Amateur Space Weekly - February 29

Amateur Space Weekly - February 29

Amateur CubeSats get free rides into orbit, coders help space robot see, zero-g curry and veggie meatballs, educational seismic networks, Argentinian asteroid discovery, and a Japanese supernova discovery are some of this week's reports from the world of amateur space exploration.

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Amateur Space Weekly - February 15

Amateur Space Weekly - February 15

Crowdsourcing counts of lunar craters, using zero-g for art and education, public contributions to earthquake science, and schools exploring the Kuiper Belt are just some of last week's news about amateur space exploration.

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Amateur Space Weekly - September 18

Community observatories in Australia and the US, Canadian teenagers conduct microgravity research, crowdsourcing aurora and comet sightings, and more in this week's recap of news from the world of amateur space exploration.

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Spot stars exploding over Australia with Snapshot Supernova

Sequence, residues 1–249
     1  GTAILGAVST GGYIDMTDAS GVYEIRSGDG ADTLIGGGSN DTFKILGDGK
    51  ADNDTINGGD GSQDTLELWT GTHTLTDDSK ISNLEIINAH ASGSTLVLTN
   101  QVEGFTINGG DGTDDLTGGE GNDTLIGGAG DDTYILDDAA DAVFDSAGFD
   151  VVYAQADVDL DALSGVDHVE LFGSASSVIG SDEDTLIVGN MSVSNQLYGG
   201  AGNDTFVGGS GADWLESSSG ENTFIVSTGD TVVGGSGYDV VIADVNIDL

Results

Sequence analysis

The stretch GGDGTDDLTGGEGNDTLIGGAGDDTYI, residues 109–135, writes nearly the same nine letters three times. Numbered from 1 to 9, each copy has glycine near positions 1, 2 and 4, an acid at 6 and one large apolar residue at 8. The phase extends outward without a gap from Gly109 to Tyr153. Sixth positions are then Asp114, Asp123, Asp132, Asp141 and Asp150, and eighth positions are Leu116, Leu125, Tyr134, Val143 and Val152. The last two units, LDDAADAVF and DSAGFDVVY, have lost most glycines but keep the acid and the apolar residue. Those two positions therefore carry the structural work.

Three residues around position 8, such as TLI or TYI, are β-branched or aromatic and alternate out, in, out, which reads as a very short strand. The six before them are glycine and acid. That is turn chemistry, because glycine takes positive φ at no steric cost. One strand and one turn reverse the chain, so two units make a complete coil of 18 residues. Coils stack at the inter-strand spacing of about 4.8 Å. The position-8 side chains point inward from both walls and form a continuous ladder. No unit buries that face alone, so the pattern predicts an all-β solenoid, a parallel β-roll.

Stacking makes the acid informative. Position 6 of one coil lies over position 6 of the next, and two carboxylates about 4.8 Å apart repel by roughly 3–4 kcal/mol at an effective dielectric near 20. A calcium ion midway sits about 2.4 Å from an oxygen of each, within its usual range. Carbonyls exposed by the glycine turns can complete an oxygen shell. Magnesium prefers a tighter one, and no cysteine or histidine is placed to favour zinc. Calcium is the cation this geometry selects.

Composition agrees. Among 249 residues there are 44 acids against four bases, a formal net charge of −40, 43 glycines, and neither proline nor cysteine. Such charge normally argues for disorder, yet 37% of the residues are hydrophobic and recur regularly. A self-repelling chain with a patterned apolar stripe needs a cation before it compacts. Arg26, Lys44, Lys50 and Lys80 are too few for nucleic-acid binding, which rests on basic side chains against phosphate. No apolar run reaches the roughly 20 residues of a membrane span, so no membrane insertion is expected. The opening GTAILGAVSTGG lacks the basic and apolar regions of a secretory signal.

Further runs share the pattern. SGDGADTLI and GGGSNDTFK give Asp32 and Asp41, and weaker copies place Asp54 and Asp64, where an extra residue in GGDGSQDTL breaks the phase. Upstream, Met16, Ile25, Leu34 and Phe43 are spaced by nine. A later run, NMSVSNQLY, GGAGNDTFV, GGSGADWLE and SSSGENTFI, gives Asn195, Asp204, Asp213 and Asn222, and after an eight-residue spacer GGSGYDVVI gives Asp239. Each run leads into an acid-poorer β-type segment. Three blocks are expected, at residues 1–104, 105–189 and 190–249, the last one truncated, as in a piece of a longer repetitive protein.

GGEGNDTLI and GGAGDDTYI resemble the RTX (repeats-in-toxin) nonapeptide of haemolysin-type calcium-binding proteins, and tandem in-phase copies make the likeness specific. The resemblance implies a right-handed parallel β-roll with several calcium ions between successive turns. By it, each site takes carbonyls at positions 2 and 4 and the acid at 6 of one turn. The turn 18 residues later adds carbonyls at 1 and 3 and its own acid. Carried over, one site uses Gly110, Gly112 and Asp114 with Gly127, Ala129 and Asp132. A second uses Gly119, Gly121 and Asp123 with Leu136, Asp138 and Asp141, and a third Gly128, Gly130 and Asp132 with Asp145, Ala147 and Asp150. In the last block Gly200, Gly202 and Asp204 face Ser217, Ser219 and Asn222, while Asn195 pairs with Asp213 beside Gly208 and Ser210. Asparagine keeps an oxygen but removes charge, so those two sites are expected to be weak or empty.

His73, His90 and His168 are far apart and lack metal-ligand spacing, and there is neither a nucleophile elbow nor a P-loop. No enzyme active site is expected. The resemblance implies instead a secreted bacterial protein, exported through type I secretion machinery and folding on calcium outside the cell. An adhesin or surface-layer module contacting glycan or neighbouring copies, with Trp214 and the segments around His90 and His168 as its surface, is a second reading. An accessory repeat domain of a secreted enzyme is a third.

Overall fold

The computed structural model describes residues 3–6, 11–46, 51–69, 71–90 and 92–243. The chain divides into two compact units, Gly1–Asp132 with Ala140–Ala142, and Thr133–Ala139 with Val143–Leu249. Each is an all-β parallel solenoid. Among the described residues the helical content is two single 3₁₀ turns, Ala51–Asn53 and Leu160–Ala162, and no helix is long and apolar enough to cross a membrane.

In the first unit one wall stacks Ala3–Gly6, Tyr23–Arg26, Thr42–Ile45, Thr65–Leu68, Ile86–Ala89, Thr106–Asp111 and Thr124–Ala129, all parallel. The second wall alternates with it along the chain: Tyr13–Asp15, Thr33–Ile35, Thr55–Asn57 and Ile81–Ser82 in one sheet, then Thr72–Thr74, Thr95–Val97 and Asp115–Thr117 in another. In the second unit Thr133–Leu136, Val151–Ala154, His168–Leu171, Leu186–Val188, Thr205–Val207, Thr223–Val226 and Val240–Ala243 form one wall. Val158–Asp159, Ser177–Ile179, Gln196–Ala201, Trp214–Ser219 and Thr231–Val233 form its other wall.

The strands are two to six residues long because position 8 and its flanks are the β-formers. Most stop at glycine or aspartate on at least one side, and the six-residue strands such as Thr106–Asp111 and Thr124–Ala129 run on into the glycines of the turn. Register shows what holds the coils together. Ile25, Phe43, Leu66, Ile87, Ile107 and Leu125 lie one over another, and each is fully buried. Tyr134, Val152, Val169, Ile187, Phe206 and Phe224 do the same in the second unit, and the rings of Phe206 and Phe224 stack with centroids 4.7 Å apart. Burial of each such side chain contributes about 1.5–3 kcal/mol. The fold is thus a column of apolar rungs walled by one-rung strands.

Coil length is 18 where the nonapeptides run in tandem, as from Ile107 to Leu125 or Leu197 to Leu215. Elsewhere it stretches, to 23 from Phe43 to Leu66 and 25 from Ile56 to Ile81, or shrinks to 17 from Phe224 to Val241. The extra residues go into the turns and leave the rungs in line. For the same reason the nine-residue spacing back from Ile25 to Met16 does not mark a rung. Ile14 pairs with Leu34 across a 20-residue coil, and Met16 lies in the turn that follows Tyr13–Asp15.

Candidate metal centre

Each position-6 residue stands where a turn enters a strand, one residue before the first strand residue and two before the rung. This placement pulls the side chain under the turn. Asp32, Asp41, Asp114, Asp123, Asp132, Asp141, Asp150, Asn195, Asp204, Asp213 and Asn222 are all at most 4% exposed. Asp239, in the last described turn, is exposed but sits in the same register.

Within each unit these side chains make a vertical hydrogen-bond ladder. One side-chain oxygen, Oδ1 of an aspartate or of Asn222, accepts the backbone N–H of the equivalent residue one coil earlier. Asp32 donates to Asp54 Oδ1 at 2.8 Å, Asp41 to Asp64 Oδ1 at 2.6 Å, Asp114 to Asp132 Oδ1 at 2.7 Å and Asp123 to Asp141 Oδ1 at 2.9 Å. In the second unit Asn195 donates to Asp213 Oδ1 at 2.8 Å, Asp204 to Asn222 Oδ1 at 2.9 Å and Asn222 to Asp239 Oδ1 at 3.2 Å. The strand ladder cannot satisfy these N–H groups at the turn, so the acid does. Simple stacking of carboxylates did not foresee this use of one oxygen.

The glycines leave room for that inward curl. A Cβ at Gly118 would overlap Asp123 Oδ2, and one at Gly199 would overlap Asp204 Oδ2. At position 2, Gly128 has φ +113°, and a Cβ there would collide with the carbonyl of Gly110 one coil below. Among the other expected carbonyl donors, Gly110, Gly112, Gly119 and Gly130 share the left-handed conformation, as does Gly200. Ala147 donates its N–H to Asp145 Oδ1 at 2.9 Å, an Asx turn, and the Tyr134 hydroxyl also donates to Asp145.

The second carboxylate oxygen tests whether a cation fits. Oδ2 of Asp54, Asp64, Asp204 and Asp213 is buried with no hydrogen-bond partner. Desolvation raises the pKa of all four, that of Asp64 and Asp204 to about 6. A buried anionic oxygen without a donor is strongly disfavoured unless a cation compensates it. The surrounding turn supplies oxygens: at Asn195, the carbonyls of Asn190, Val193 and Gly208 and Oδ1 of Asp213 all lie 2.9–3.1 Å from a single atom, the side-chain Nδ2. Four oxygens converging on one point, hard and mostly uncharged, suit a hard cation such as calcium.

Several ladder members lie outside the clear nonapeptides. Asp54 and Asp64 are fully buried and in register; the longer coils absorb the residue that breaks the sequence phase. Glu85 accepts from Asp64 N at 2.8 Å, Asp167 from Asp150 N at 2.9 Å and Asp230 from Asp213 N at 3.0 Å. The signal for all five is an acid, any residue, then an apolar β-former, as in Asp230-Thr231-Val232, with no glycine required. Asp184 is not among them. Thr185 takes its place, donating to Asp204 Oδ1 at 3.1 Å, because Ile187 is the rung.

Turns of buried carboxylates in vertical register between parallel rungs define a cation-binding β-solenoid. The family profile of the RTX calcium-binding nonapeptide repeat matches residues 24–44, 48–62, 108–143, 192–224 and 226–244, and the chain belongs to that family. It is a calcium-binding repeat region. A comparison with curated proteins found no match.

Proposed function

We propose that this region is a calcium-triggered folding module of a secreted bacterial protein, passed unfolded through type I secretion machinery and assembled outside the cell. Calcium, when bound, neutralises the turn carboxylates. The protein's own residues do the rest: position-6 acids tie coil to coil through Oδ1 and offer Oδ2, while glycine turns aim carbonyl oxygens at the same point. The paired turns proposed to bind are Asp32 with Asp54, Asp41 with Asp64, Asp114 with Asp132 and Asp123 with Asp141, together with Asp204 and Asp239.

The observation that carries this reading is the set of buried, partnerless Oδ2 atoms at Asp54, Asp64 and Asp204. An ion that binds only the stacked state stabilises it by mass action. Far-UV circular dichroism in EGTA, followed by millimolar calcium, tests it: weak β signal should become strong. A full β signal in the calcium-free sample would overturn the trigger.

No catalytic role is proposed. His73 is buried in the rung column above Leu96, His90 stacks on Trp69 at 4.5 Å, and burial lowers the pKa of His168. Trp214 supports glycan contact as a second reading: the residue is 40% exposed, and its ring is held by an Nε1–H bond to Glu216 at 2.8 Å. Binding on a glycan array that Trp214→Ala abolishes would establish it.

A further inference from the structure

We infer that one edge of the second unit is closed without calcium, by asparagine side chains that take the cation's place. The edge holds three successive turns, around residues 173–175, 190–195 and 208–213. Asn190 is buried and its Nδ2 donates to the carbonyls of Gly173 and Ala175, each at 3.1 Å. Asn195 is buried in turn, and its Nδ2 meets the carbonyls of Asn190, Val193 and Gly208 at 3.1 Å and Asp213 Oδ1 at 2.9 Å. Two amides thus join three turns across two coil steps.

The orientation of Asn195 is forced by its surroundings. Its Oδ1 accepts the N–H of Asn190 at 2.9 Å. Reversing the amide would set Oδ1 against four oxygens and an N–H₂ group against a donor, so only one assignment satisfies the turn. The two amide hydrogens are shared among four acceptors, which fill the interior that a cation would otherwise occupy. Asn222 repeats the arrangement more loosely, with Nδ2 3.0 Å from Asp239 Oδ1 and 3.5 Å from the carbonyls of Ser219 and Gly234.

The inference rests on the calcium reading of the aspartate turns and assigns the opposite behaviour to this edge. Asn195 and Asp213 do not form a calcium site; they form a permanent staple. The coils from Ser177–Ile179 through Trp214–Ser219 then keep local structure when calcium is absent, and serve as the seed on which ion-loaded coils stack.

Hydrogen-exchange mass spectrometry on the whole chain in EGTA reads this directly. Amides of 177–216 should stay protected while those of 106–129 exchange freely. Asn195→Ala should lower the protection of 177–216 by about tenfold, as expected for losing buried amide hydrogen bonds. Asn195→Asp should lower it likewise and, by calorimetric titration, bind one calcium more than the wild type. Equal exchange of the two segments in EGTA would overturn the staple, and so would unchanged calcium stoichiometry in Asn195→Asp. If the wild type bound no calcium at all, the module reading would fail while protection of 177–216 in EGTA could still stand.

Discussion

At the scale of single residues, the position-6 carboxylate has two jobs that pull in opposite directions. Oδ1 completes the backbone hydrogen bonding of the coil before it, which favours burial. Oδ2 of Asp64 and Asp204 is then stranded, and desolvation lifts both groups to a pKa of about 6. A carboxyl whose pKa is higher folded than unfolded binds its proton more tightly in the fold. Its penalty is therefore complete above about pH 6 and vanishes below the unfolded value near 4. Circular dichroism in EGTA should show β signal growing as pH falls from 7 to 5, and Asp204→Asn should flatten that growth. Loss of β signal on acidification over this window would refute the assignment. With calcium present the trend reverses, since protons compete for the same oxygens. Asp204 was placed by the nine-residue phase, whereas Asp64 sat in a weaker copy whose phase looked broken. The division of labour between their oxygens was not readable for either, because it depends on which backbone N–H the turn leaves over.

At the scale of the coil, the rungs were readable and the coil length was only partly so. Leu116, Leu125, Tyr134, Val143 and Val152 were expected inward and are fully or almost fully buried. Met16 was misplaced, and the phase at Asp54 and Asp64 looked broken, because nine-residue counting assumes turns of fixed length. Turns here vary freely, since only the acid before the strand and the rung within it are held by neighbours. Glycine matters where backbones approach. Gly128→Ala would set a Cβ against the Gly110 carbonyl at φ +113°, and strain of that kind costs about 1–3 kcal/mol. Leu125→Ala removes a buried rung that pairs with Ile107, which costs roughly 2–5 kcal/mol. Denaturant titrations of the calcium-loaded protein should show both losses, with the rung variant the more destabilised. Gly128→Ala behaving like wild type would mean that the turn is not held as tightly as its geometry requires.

Snapshot Supernova asks the world’s citizen scientists and armchair astronomers to help discover stars exploding over Australia. It’s the latest project form the Zooniverse crowdsourcing service. The Zooniverse’s co-founder and Oxford University astrophysicist Chris Lintott explained to me how the project evolved from earlier supernova-hunting projects to make its first supernova sighting within hours of the project’s launch.

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Amateur Space News April 30, 2014

Balloons may spend more time in near space, an Irish amateur astronomer discovered a supernova, a Zooniverse co-founder now helps scientists publish code to github, amateur rocketry and satellite news, and more Mars news in today’s headlines.

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Supernova Alerts

Supernovae and other short-lived, unpredictable cosmic events pose a challenge astronomers. They want to collect data during the earliest phases of the exposure, but critical hours or days may pass before anyone notices the event. The astronomy community has several alert systems that spread the word so professional and amateur astronomers alike can observe the stellar explosions.

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SalsaJ Astronomical Image Analysis App

SalsaJ was developed to let middle and high school students analyze real astronomical data in the classroom, but it also works as an accessible app for amateurs of all ages.

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